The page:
Fabius Maximus notes that, as a consequence of sharply declining revenues, the inflection point at which Social Security becomes a net drag on the federal budget rather than a source of revenue that can be spent on other things, has already arrived, years ahead of schedule:
See the trend! The year-over-year change in the surplus was -$15.3B in the first four months of 2009, and -$21.5B in the second four months. Cash in was down 15%; cash out was up 3%. The latest forecasts were for the system to go cash-flow negative in 2016 (Medicare went into the red in 2004). August looks esp ugly, as Bruce Krasting warned us at his blog on 8 September 2009.
I agree with his prescriptions, too: we need to means-test entitlements and whether we like it or not we’re going to increase taxes and reduce other government spending. Military spending is a likely but not the only candidate.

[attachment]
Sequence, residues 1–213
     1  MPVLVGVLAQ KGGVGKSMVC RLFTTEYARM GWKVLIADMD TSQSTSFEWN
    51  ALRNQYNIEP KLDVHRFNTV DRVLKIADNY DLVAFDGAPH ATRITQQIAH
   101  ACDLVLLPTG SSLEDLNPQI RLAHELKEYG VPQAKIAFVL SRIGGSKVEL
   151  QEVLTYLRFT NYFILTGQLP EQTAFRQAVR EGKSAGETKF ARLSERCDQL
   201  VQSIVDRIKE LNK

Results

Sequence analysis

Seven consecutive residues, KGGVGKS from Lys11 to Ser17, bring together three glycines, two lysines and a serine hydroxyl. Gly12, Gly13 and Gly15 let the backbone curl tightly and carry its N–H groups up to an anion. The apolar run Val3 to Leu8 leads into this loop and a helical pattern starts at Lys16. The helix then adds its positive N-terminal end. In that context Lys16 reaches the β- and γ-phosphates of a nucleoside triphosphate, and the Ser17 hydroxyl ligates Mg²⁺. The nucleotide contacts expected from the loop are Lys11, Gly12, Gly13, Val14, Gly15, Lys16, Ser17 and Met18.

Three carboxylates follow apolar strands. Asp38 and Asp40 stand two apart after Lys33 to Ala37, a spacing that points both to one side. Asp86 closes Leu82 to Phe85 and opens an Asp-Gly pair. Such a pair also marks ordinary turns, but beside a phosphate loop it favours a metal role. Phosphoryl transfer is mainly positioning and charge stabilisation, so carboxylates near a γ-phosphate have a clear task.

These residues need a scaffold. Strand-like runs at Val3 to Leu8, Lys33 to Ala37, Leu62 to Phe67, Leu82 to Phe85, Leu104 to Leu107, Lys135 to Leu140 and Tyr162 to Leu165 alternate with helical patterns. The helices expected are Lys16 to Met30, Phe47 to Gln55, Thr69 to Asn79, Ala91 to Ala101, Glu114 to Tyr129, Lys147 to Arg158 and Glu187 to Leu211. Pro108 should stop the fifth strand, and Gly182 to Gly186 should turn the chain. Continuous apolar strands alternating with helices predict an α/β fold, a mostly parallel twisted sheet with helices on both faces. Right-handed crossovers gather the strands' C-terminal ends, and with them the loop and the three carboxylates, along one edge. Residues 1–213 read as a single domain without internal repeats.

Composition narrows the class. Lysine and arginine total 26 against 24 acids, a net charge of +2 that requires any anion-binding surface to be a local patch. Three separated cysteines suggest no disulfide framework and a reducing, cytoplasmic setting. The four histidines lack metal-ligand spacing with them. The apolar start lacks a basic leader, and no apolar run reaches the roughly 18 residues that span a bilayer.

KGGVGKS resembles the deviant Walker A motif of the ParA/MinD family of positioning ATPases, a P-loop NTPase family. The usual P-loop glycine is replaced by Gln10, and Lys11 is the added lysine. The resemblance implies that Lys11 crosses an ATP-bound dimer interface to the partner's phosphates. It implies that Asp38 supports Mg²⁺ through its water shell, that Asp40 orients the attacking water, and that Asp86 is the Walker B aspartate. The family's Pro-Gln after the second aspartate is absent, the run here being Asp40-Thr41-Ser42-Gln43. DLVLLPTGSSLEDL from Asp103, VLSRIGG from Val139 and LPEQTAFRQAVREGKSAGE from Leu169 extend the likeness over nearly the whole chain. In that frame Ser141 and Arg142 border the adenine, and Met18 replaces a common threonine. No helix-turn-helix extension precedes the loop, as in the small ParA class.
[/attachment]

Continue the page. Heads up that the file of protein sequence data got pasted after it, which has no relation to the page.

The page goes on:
There really is no other way. Avoiding this particular budget crunch painlessly through economic growth would require two things, neither of which I believe is going to happen. First, it would require federal policies re-aligned towards growth. Elimination of or at least reform in the corporate income tax. Incentives for entrepeneurialism. Real moves towards solidifying the financial system rather than feel-good policies. Regulatory reform. Second, it would require a spike in growth to a rate that is genuinely unimagineable, the result of some breakthrough or technological revolution. As I’ve said before, I don’t believe in the prevailing narrative on the dot com boom, i.e. that it came from nowhere. I think it was the result of decades of capital investment which were largely without return for most of that period. That’s just not happening.
Hat tip: Glenn Reynolds